Dassies – our little energy efficient herbivores

Dassies – our little energy efficient herbivores

Dassies (Procavia capensis) are a common sight when hiking in the Table Mountain National Park. More closely related to elephants than the guinea pigs that they superficially resemble, dassies are one of four living species in the order Hyracoidea, and the only living species in the genus Procavia.

When seen on Table Mountain dassies are usually lazing around on rocks sunning themselves; these woolly little herbivores definitely take relaxation to the next level. They aren’t, however, just lazy creatures – their inactivity allows them to survive in harsh environments, and they don’t just survive, they thrive. Dassies are in fact one of the few herbivores that are tough enough to survive on a diet of fynbos.  Eating for short periods throughout the day, dassies retire for extended periods of time to allow this rather harsh food source to slowly ferment in a bacteria-filled sac which aids digestion. This is not the only reason why we see dassies “lazing around”, they have become highly efficient at conserving energy, which also allows them to survive in these unforgiving environments. One such energy saving tactic is to allow their body temperature to drop by a few degrees at night, they then sunbathe in the morning to increase their body temperature, ensuring that they have enough energy for the day ahead. But don’t worry these little creatures are not cold at night, they live in harems of up to 20 females and one male and by huddling at night, they ensure that they stay warm during cold nights.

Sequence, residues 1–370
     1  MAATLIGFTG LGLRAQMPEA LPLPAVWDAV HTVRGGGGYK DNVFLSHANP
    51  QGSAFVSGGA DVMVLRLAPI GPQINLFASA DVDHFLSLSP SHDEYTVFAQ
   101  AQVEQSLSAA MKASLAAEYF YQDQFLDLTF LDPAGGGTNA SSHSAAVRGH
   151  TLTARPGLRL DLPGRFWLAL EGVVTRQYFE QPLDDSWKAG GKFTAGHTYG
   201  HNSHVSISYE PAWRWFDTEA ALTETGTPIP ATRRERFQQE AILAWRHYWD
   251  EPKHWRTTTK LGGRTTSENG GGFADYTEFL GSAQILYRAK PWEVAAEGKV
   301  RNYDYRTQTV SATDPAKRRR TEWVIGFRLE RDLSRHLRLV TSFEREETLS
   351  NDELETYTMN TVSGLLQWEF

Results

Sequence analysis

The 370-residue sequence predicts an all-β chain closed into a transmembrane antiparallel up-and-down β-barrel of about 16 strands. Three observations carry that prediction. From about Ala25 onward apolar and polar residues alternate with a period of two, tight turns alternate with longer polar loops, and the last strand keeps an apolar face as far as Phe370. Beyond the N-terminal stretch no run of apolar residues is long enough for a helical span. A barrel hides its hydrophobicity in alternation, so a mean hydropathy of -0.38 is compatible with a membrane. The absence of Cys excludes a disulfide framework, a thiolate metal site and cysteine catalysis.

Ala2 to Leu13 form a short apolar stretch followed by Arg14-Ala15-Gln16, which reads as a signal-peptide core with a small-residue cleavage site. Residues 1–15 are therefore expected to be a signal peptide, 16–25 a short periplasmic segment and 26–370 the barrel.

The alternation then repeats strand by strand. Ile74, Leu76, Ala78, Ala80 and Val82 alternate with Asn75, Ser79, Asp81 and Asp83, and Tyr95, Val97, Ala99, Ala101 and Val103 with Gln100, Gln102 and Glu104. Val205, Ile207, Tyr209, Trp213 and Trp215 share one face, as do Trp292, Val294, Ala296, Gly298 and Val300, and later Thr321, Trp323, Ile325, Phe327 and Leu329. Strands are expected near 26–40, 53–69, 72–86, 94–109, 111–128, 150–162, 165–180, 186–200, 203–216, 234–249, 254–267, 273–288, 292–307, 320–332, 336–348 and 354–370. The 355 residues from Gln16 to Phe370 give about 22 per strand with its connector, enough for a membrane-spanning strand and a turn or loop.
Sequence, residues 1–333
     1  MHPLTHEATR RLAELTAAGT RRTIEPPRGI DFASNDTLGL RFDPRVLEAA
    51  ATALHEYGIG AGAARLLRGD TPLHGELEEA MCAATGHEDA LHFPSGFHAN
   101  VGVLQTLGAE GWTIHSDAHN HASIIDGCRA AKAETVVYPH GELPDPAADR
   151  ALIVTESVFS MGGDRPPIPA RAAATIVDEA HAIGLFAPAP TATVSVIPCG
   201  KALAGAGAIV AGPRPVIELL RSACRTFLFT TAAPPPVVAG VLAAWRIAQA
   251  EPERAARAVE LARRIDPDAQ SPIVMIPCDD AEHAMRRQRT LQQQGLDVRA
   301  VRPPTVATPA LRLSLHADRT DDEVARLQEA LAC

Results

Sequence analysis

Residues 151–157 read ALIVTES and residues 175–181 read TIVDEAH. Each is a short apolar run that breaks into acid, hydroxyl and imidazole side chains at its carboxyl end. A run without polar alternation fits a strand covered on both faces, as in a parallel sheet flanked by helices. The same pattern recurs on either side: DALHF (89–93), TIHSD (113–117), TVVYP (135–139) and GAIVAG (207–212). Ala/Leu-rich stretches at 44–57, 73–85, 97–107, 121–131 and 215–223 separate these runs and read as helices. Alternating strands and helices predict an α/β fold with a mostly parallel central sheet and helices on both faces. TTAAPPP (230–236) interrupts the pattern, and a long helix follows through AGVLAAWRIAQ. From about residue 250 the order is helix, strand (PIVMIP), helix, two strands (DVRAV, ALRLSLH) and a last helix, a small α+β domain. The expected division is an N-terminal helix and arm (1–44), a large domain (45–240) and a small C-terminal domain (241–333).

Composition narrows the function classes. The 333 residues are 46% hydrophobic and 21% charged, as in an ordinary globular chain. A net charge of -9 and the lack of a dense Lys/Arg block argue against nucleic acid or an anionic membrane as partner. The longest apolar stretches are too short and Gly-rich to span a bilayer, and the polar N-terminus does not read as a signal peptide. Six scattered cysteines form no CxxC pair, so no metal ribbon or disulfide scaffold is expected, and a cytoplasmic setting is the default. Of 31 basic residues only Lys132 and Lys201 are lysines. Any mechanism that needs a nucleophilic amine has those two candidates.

The next time you share a rocky outcrop with a dassie or two take a minute to appreciate these resilient little energy efficient herbivores, who have certainly found a relaxing way to adapt to their harsh environment.


Kingdom: Animalia
Phylum: Chordata
Class: Mammalia
Order: Hyracoidea
Family: Procaviidae
Genus: Procavia
Species: P. capensis

Photo Credit: Peter Chadwick

Sarah-Leigh Watson

For the past 12 years, Sarah has worked closely with The Table Mountain Fund as a communications and marketing consultant, helping to ensure that key environmental landscapes across the Cape Floral Region are restored and conserved for future generations. Having grown up in the shadow of Table Mountain, spending countless days climbing her rocky slopes and running on her rugged trails, Sarah is deeply passionate about the conservation of the CFR and the expansion of this iconic World Heritage Site.